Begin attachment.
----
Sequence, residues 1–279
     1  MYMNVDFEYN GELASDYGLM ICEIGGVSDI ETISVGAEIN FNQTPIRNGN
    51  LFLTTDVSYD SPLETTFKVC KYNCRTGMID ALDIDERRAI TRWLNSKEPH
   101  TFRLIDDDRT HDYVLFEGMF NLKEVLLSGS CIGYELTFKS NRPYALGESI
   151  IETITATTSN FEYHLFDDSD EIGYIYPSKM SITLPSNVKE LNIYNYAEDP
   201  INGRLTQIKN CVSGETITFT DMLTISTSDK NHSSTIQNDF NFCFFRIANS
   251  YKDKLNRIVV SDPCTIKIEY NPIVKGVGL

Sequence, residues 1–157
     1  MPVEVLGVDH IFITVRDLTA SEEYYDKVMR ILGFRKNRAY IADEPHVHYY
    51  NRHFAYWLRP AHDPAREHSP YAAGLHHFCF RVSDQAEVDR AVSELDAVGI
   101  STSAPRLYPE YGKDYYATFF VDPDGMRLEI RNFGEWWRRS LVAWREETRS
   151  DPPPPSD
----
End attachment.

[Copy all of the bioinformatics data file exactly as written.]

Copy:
Sequence, residues 1–279
     1  MYMNVDFEYN GELASDYGLM ICEIGGVSDI ETISVGAEIN FNQTPIRNGN
    51  LFLTTDVSYD SPLETTFKVC KYNCRTGMID ALDIDERRAI TRWLNSKEPH
   101  TFRLIDDDRT HDYVLFEGMF NLKEVLLSGS CIGYELTFKS NRPYALGESI
   151  IETITATTSN FEYHLFDDSD EIGYIYPSKM SITLPSNVKE LNIYNYAEDP
   201  INGRLTQIKN CVSGETITFT DMLTISTSDK NHSSTIQNDF NFCFFRIANS
   251  YKDKLNRIVV SDPCTIKIEY NPIVKGVGL

Sequence, residues 1–157
     1  MPVEVLGVDH IFITVRDLTA SEEYYDKVMR ILGFRKNRAY IADEPHVHYY
    51  NRHFAYWLRP AHDPAREHSP YAAGLHHFCF RVSDQAEVDR AVSELDAVGI
   101  STSAPRLYPE YGKDYYATFF VDPDGMRLEI RNFGEWWRRS LVAWREETRS
   151  DPPPPSD